Woman shots three, kill herself at YouTube Headquarters

YouTube

A woman who had voiced complaints online about YouTube opened fire with a handgun at the tech company’s headquarters near San Francisco on Tuesday, wounding three people before shooting herself dead, authorities and media said.

It was the latest in a string of mass shootings in the United States in recent years. Most recently, the massacre of 17 people at a Florida high school has led to calls for tighter curbs on gun ownership.




Police did not identify the suspect or say what might have motivated Tuesday’s shooting at YouTube, a video-sharing service owned by Alphabet Inc’s Google which employs nearly 2,000 people at the San Bruno, California offices.

The woman approached an outdoor patio and dining courtyard on the campus around lunchtime and began to fire before entering the building, police said.

An affiliate of ABC and other local media, citing unnamed sources, identified the woman as Nasim Aghdam.

San Bruno police officials could not immediately be reached for comment on the identity of the attacker.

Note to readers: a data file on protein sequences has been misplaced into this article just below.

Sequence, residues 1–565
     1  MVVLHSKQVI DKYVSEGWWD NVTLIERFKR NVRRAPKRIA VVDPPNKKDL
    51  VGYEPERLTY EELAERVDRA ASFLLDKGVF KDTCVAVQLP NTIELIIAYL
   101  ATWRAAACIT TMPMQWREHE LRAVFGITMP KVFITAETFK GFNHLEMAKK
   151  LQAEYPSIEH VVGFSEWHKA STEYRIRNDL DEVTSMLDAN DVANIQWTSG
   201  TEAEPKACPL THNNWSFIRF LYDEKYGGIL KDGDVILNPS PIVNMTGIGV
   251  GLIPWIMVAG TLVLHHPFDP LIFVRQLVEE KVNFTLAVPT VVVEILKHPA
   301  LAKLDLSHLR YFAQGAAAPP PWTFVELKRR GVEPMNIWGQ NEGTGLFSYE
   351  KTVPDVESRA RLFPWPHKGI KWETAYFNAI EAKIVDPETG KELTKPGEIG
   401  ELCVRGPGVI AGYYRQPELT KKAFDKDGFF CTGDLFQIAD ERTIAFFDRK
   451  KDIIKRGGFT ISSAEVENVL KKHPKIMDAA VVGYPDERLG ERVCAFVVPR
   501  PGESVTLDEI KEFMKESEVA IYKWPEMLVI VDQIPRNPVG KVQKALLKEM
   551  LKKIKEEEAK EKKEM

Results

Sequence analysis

YouTube spokeswoman Jessica Mason could not immediately be reached for comment on the identification by media.

The website NasimeSabz.com, which media said was linked to the attacker, had several posts about Persian culture and veganism, interspersed with screeds against YouTube.

Those complaints included claims the company was not sharing enough revenue with people who create videos for the platform.

“There is no equal growth opportunity on YouTube, or any other video-sharing site, your channel will grow if they want to,” read one posting on the site.




A YouTube account in the name of Nasime Sabz was deleted on Tuesday evening.

A U.S. government security official told Reuters there was no known connection to terrorism.

ABC News, citing unnamed law enforcement sources, said the suspect was 35 to 40 years old, and lived in Southern California.

A YouTube product manager, Todd Sherman, described on Twitter hearing people running, first thinking it was an earthquake before he was told that a person had a gun.

“At that point every new person I saw was a potential shooter. Someone else said that the person shot out the back doors and then shot themselves,” Sherman said in a tweet.

“I looked down and saw blood drips on the floor and stairs. Peeked around for threats and then we headed downstairs, and out the front,” Sherman said.

In a recording of a 911 call posted online by the Los Angeles Times, a dispatcher can be heard saying: “Shooter. Another party said they spotted someone with a gun. Suspect came from the back patio … Again we have a report of a subject with a gun. They heard seven or eight shots being fired.”




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